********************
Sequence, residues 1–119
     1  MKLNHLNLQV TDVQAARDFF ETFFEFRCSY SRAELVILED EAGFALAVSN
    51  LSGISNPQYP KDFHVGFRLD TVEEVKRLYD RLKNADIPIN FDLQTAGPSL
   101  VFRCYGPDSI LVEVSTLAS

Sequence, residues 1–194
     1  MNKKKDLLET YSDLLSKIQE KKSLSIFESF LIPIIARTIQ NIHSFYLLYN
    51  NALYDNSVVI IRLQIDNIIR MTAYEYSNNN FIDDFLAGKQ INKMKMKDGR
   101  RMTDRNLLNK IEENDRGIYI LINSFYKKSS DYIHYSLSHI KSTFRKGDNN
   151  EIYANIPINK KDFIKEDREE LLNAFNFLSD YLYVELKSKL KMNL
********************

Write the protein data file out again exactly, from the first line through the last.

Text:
Sequence, residues 1–119
     1  MKLNHLNLQV TDVQAARDFF ETFFEFRCSY SRAELVILED EAGFALAVSN
    51  LSGISNPQYP KDFHVGFRLD TVEEVKRLYD RLKNADIPIN FDLQTAGPSL
   101  VFRCYGPDSI LVEVSTLAS

Sequence, residues 1–194
     1  MNKKKDLLET YSDLLSKIQE KKSLSIFESF LIPIIARTIQ NIHSFYLLYN
    51  NALYDNSVVI IRLQIDNIIR MTAYEYSNNN FIDDFLAGKQ INKMKMKDGR
   101  RMTDRNLLNK IEENDRGIYI LINSFYKKSS DYIHYSLSHI KSTFRKGDNN
   151  EIYANIPINK KDFIKEDREE LLNAFNFLSD YLYVELKSKL KMNL